About the last several months…
Last Summer I wrote three of what I consider to be the best and most honest pieces I have ever written. (They can be accessed here, here, and here) They were the fruit of a sober reckoning with my past and my present, which had been growing like a crescendo for years.
I wrote those pieces during another episode of depression in which I had very intentionally isolated myself from friends and family, was considering suicide, and even refused to go to the graduation ceremony for my Masters program.
Many things have changed since I wrote those words in that dark place.
I began taking antidepressants and have done well on them. I reconciled with my family. I moved two times. I continued the trajectory that I was already on, which took me further and further out of the orbit of Christianity and the Church which had previously been the center of my life. I started working out at the gym regularly and got in the best shape of my life. I have seen many friends get engaged and married. I worked at a group home for foster care youth for several months. I applied to two PhD programs in Clinical Psychology and was rejected by both.
In the midst of all these big and small changes, perhaps the most important is that I have refocused and solidified what I believe to be the purpose of my life.
In the three pieces I did last summer I provided a quotation from Viktor Frankl, a Holocaust survivor and author of Man’s Search for Meaning, in which he wrote:
What man actually needs is not a tensionless state but rather the striving and struggling for a worthwhile goal, a freely chosen task.
In his book, Dr. Frankl elaborates that what humans need to have meaning in their life is such a task that they fill they, and only they, can work towards with their life. This was born of his experiences in the concentration camps where such scraps of meaning were all that left to motivate men who had lost literally everything else, to continue to struggle to survive.
At the time I had lost sight of the tension I was called to but not even a month later, after driving back down to Pasadena from the trip where I had a major reconciliation with my parents in Modesto, my desire to and my thoughts about working in Native American communities long-term resurfaced strongly after being dormant for some time.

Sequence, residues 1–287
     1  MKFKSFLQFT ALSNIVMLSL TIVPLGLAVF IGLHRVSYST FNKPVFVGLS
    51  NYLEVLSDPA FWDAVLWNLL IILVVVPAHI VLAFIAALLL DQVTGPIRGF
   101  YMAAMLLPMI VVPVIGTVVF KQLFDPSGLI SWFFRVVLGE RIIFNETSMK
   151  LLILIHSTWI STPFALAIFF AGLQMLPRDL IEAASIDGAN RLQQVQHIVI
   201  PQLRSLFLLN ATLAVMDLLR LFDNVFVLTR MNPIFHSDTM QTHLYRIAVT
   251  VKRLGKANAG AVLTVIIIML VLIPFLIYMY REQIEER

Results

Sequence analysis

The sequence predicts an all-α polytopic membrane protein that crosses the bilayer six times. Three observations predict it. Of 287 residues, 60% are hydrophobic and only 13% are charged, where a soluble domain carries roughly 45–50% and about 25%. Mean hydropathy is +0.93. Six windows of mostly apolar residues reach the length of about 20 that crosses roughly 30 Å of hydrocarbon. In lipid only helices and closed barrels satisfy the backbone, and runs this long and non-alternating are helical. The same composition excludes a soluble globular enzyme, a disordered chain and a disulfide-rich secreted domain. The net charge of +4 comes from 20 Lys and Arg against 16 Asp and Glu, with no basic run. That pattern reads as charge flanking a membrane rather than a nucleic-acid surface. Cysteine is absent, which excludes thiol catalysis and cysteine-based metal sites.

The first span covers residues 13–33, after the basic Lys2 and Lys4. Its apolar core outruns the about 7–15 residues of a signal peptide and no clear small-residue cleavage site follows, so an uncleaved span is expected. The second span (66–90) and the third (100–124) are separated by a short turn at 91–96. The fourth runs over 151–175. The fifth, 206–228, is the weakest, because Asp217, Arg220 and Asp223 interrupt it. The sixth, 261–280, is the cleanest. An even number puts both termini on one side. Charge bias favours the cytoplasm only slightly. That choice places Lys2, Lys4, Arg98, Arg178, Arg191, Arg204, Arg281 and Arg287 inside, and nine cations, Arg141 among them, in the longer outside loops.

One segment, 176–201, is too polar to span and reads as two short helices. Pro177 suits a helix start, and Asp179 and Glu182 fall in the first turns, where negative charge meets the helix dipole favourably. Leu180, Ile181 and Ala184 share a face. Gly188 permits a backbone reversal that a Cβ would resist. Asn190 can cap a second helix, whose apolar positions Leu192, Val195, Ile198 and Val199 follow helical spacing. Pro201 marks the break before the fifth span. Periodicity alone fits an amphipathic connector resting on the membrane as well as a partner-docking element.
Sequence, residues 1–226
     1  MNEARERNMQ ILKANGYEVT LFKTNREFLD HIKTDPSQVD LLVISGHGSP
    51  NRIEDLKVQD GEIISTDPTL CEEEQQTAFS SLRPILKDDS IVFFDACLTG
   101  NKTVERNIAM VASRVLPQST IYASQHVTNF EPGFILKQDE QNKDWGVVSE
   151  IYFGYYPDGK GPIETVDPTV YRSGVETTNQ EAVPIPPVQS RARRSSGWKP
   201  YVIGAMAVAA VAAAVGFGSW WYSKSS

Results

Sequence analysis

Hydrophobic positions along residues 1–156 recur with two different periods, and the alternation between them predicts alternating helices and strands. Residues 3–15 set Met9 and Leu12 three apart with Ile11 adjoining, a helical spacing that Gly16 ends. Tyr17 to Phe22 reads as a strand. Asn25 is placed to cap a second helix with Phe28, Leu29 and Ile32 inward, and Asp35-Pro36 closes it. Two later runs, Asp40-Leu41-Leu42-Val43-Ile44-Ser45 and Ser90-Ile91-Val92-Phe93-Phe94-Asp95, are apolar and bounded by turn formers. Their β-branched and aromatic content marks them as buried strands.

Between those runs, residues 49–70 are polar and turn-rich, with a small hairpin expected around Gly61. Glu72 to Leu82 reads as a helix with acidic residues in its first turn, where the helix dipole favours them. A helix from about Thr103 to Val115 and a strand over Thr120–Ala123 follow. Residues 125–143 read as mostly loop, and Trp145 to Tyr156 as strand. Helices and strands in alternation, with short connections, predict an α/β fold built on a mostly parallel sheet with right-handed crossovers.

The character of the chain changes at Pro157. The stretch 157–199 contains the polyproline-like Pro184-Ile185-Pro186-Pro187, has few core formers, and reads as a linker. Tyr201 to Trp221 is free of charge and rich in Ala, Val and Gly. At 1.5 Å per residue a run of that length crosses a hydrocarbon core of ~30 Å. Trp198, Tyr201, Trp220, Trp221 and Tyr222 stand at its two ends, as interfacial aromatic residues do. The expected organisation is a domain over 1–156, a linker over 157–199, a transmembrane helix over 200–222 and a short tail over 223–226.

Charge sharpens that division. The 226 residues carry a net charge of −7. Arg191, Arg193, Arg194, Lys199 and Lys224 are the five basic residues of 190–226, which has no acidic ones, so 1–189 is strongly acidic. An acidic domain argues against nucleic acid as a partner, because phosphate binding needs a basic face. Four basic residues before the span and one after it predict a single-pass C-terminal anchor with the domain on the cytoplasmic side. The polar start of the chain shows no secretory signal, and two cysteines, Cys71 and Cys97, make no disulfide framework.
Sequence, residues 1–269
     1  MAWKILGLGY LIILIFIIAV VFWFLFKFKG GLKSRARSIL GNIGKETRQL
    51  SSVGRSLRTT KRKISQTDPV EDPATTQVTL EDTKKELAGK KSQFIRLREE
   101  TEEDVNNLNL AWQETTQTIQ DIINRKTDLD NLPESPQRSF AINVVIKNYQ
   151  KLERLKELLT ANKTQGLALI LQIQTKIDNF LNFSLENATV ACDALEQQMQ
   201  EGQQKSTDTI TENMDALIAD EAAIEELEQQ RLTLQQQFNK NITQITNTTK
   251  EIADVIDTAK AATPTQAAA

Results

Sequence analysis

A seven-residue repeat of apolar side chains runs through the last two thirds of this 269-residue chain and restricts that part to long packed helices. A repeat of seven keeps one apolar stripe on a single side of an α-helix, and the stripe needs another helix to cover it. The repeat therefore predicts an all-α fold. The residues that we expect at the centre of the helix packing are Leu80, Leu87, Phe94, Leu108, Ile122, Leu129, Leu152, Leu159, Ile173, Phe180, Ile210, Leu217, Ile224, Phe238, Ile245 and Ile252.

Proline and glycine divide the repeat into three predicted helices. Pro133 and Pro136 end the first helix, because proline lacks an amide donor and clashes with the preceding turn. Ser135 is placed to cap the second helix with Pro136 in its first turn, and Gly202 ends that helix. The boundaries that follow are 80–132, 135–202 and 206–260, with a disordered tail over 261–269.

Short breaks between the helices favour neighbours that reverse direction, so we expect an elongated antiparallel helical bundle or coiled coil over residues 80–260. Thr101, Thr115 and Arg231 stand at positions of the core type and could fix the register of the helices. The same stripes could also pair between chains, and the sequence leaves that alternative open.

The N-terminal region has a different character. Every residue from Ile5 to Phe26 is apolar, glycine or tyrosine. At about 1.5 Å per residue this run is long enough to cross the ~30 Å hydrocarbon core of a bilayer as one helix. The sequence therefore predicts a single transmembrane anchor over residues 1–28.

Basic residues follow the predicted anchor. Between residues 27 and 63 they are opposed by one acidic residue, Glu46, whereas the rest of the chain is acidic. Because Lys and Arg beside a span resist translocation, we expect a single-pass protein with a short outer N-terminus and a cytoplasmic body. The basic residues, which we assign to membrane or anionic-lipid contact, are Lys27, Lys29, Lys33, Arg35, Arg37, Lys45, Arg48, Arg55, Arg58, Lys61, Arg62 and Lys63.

Whatever else happens or changes, whatever I come to believe about God or faith, I know that working to address issues of injustice and inequality in Native American communities makes the most sense of a lot of unique aspects of my life and it is something I have freely chosen to commit myself to.
(Me being me, this also culminated in another long blog post.)
This renewed resolve led me to where I am currently, Grand Forks, North Dakota. Right now I am working in the Seven Generations Center of Excellence at the University of North Dakota as a research assistant working on a grant with our pathology department and the Department of Justice. I am gaining research experience, writing, and learning this year as I prepare to reapply to PhD programs in Clinical Psychology.
Sometimes this move still feels surreal and I have to remind myself that I cannot simply hop into my car and visit friends and family like I have been able to for the last several years. I have only been here a few days and already I have realized that some of my preconceived notions about what life here would be like were wrong, for better and for worse. Regardless, I’m here now, and I’m pretty sure I’m in it for the long haul.
But what of the last three years?
As I enter this new season of life I cannot help but reflect a little bit on the last season of life which was tumultuous to say the least. Words fail me and maybe that is okay because I think a friend who walked with me through those years perhaps said it best.
As I prepared to leave for North Dakota I visited with many friends and one wrote me a very dear letter. In it were the following words:
“I have watched as you confronted your past head on with a tenacity that brought with it moments of reprisal. You did not hesitate to seek truth regardless of what is looked like and for this I am so proud of you. You are courageous Kevin Gonzaga! I know this because I watched as you struggled interpersonally in your relationship with God, romantic hopes, past agonies and an unclear future. But, even in the midst of all that chaos, your willingness to open your heart and home to the Fuller student body made you a catalyst without our community.”
This short paragraph managed to succinctly name the challenges I faced in the last season of life and the responses to them I very intentionally chose. I chose to explore my relationship with God and others, even the parts that scared me. I chose to be vulnerable with my heart romantically, even after being hurt, and being disappointed many times since. I chose to be open and honest about what was going on. I chose to make sure I was creating a welcoming place (in my heart and home) for everyone, especially those who did not fit in anywhere else, regardless of what was going on with me.
These decisions were deliberate and they were not always easy to follow through on. Sometimes I wondered, like I imagine many people do, if these choices I made for myself and the small sacrifices I made for others over the last several years had gone simply unnoticed. My friend’s words reminded me that they were not forgotten or unnoticed which was an unexpected comfort and affirmation as I prepared for another major transition in life.
In fact, unexpected words like these, from this friend and others, are what have buoyed my spirits and kept me moving through some difficult times in this last season of life. May I learn to be equally generous with words of encouragement to others and regard them as a meaningful act in and of themselves with no agenda other than to lift the spirits of those around me.